By Thomas Wilson and Emi Emoto
TOKYO (Reuters) - Japan's SMBC Nikko Securities, a unit of bank Sumitomo Mitsui Financial Group <8316.T>, is setting up a niche investment banking team in New York, its chief said, testing the waters of global finance just as domestic rival Nomura scales back.
The team will focus on mergers and acquisitions and then debt capital markets in business areas where the brokerage's parent has strong historical links, SMBC Nikko President and Chief Executive Yoshihiko Shimizu said in a recent interview.
The team will grow to around 10 members by March next year, said Shimizu, a 38-year veteran of Japan's banking industry but newly installed at the head of Japan's third-biggest brokerage by assets.
"We're going ahead in the industries where we're strong, where we've got a strong entrance ticket," said Shimizu, referring to sectors including pharmaceuticals, raw materials and technology. "We'd be foolish if we didn't use those links."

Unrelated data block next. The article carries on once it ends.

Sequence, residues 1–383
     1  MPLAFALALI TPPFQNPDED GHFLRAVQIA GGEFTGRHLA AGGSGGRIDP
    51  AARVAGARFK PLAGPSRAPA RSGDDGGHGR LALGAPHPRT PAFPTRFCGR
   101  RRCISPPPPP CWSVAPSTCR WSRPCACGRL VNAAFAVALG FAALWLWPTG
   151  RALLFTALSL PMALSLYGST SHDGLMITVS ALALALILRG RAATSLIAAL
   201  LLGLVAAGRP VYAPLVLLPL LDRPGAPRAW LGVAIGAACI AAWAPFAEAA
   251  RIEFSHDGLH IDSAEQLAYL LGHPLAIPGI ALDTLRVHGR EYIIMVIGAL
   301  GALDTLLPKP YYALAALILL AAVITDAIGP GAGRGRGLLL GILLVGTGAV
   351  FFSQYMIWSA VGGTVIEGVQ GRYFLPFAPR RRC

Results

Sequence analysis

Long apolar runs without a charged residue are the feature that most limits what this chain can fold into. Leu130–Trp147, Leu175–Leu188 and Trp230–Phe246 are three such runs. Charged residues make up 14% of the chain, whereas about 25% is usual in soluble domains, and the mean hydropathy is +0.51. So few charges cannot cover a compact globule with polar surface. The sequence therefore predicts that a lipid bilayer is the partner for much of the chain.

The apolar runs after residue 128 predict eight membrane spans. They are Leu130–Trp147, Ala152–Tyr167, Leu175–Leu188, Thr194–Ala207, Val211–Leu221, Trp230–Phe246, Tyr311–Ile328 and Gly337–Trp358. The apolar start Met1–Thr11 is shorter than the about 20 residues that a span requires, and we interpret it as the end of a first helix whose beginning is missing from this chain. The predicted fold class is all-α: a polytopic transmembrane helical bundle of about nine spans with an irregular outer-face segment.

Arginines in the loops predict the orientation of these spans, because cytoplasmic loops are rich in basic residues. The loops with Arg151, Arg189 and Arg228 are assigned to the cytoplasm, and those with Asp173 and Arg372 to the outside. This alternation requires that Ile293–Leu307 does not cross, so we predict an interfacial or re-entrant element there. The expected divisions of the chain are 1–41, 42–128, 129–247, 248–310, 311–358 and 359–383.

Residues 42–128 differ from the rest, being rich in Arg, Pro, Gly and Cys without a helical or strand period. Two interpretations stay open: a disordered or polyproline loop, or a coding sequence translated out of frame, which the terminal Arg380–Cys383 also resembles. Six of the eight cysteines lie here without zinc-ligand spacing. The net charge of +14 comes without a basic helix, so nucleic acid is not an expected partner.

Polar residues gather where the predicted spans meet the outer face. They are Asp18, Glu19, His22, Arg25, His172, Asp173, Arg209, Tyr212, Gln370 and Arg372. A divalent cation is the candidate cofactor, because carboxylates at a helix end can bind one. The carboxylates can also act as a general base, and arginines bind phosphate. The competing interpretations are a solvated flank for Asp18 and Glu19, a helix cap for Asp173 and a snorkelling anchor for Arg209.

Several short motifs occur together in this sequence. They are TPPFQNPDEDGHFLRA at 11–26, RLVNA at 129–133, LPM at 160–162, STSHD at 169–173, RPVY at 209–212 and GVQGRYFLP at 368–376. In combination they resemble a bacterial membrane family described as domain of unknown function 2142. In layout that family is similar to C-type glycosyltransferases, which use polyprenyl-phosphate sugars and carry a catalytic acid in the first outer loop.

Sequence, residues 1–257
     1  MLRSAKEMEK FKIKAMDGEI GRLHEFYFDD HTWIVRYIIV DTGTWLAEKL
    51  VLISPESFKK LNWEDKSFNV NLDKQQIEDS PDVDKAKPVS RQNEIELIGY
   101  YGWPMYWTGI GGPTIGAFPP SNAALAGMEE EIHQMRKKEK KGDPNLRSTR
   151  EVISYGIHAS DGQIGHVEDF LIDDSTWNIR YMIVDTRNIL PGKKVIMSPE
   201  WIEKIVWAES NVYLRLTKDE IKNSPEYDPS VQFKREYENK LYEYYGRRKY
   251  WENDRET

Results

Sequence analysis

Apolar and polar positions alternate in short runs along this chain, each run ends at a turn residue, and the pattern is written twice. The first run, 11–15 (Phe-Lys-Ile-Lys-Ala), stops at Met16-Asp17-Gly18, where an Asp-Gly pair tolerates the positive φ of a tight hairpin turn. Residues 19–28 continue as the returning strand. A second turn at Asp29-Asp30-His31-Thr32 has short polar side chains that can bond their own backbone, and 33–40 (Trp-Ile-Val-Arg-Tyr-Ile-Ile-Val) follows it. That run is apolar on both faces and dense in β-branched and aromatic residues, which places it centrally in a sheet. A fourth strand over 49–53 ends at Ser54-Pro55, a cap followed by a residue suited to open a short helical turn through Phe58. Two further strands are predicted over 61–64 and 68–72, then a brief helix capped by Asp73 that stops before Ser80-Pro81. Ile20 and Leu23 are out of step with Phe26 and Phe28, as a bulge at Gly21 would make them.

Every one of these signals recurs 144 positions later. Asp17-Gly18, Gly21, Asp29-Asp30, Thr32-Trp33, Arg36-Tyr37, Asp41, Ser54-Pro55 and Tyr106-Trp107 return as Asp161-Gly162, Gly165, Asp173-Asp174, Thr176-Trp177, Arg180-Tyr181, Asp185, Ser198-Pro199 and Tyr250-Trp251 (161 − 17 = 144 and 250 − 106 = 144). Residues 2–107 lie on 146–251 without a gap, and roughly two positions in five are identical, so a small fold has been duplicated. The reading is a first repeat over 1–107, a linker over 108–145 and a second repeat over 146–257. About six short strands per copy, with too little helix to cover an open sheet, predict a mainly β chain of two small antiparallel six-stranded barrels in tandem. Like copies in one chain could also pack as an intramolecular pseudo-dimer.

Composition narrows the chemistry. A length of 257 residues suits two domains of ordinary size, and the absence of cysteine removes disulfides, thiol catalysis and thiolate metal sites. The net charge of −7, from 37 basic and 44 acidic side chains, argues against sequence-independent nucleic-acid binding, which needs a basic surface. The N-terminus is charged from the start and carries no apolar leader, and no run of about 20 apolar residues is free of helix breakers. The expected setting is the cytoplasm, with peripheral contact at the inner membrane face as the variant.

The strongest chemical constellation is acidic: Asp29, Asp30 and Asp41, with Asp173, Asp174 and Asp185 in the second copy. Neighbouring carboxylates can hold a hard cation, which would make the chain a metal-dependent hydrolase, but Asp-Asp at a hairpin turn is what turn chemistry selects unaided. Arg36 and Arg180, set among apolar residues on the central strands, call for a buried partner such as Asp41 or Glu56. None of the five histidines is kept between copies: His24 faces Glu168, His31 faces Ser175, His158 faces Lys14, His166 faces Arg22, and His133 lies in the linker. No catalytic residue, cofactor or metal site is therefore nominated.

The move comes despite headaches Japan's financial institutions have experienced in trying to make money overseas. Earlier this week, Nomura Holdings Inc <8604.T>, Japan's largest brokerage, began a partial exit from businesses in the Americas and the closure of its equities research unit in Europe after losing $3 billion overseas in almost six years.
The move is the first time SMBC Nikko will offer dedicated M&A coverage in the United States since its precursor Nikko Cordial Securities Inc was sold by Citigroup (C.N) to Sumitomo Mitsui Banking Corp in 2009. Former Barclays [BARCR.UL] banker Randy Gelber will lead the New York team.
Breaking into the top 10 of U.S. M&A league tables would be "difficult", said Shimizu, who took the reins at SMBC Nikko this month. But the 60-year-old executive said he wants to see the company ranked among the top 10 in debt capital markets within three years.
In Japan, SMBC Nikko ranks third behind rivals Nomura and Daiwa Securities Group <8601.T>. Between March-December last year it managed 44.6 trillion yen ($407 billion) of assets.
(Reporting by Thomas Wilson and Emi Emoto; Editing by Kenneth Maxwell)